For the second time this month, Clayton’s Board of Aldermen tabled an appeal from a neighborhood group looking to stop Centene Corporation’s plans to redevelop the vacant former Maryland School.
Protect Clayton Neighborhoods, a group of concerned citizens represented by about 25 residences, argued its appeal of the nation’s largest healthcare provider’s proposed daycare and employment education facility at 7510 Maryland Avenue, providing evidence that the neighborhood is adversely affected in three different ways.
According to the watchdog group, residents have been trying to reinstate the Clayton Planning Commission’s original recommendation that Centene provide the public access to the greenspace on the property during non-business hours and for the plans to be in compliance with zoning laws.
Jamie Rehmann, an attorney and local resident speaking on behalf of the group, outlined those grievances, alleging that the Board has engaged in an arbitrary and irrational application of zoning laws by not requiring Centene to provide services — specifically greenspace — to the residential district.
Rehmann also cited several court cases that state the loss of use and enjoyment and the aesthetic value the greenspace provides to the public is a protectable interest, and argued that the neighborhood will suffer a reduced property value and marketability of their property if Centene’s daycare and “university” property does not provide greenspace to a community that already has very little available.
“Each of those three harms independently is sufficient to confer standing and courts have weighed in on this,” Rehmann said. “This is not an open issue. It’s really a black and white issue and it shouldn’t involve prolonging discussion.”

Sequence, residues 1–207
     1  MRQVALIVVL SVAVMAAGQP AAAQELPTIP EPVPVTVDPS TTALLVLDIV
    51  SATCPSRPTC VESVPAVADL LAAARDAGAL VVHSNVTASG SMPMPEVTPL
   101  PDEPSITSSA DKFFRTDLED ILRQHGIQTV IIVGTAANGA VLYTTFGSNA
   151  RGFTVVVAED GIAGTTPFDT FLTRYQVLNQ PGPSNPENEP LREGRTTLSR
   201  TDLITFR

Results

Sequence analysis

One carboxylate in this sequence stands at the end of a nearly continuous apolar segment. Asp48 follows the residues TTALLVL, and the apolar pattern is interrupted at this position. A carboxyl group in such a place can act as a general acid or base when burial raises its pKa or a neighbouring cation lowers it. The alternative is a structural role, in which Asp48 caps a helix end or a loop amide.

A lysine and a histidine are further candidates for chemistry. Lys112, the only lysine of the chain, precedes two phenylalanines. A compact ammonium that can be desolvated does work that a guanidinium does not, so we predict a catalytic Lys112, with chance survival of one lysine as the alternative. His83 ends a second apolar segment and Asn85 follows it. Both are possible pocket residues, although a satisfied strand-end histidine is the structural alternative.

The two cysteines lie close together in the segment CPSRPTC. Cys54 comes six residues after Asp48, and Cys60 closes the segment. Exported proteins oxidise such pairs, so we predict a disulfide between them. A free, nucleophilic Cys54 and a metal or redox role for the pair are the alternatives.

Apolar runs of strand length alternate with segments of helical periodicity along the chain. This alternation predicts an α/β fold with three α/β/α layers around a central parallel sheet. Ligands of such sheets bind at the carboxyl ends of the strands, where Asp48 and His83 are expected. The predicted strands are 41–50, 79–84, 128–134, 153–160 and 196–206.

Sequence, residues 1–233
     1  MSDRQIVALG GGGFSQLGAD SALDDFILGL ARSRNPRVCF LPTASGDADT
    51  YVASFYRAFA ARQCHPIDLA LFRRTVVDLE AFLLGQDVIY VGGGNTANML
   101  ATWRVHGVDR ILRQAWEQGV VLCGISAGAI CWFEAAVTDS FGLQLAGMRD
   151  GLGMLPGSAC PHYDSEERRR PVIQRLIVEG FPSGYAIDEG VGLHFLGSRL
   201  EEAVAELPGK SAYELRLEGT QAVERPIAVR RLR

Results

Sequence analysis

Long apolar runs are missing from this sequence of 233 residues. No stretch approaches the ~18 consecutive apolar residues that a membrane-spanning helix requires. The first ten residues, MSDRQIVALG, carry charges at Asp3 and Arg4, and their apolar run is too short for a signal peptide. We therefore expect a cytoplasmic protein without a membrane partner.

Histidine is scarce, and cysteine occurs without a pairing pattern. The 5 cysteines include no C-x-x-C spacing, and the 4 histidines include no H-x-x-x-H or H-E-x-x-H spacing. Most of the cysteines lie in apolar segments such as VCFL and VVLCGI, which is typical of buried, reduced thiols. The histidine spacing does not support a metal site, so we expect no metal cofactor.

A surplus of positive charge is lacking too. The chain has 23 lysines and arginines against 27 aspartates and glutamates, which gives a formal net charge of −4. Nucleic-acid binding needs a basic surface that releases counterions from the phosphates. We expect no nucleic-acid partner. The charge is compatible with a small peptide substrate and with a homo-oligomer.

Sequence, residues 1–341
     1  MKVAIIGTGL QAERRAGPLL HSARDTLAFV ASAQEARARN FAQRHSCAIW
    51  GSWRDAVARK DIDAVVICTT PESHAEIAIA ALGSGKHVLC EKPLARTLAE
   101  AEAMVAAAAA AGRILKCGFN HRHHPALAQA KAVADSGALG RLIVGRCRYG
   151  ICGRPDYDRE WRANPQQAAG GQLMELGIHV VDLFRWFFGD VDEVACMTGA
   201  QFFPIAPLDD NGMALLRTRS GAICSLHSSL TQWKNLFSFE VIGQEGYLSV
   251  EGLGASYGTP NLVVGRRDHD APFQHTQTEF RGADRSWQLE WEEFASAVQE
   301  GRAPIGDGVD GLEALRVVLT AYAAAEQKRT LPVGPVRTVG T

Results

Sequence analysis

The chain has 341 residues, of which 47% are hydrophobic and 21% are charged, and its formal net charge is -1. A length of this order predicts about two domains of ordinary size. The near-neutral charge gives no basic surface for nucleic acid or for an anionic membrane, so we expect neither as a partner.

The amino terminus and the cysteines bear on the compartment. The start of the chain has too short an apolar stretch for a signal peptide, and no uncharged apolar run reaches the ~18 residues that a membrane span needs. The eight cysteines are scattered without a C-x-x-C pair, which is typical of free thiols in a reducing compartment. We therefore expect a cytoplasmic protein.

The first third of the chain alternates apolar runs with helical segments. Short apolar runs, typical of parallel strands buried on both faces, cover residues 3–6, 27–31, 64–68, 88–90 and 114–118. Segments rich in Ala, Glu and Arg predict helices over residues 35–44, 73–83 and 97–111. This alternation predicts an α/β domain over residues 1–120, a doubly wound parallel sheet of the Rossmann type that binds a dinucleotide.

Some residents, many of whom showed up to the board meeting, said they are not against Centene’s proposed plans but are worried that the company may eliminate the greenspace altogether.
After a long discussion, testimonies from six Clayton residents and rebuttal from Centene’s attorneys, the Board of Aldermen, minus Alex Berger, who was absent, voted to take the appeal under advisement in order to adequately take both sides of the argument under consideration.
The Board will vote on standing and sustainability of the appeal at the next Board of Aldermen meeting on Nov. 28.
“I think it’s great that they’re considering the appeal because what I think we showed was we clearly have standing,” said Steven Rosenblum, an attorney and resident with Protect Clayton Neighborhoods. “(Centene) clearly need(s) to provide some kind of service. What that public service is, we hope, will be greenspace for the community that’s always been there. It’s our hope the Board will see that and vote accordingly at the next meeting.”
Centene agreed in July to buy the building from the School District of Clayton. A conditional use permit was granted to Centene at the Sept. 12 Board meeting.
About two weeks later, Protect Clayton Neighborhoods appealed the decision and was given a continuance at the last Board meeting to respond to staff’s legal recommendation.
The Board of Aldermen and Mayor Harold Sanger expressed a need to consider the neighborhood’s response more closely following Tuesday night’s hour-long public discussion.
“I think there’s been a lot of good discussion brought forth and a lot of things to consider,” Alderman Ira Berkowitz said. “At the present time we haven’t had the time to digest (the neighborhood’s response to staff recommendation) and I think it’d be appropriate to put this under consideration.”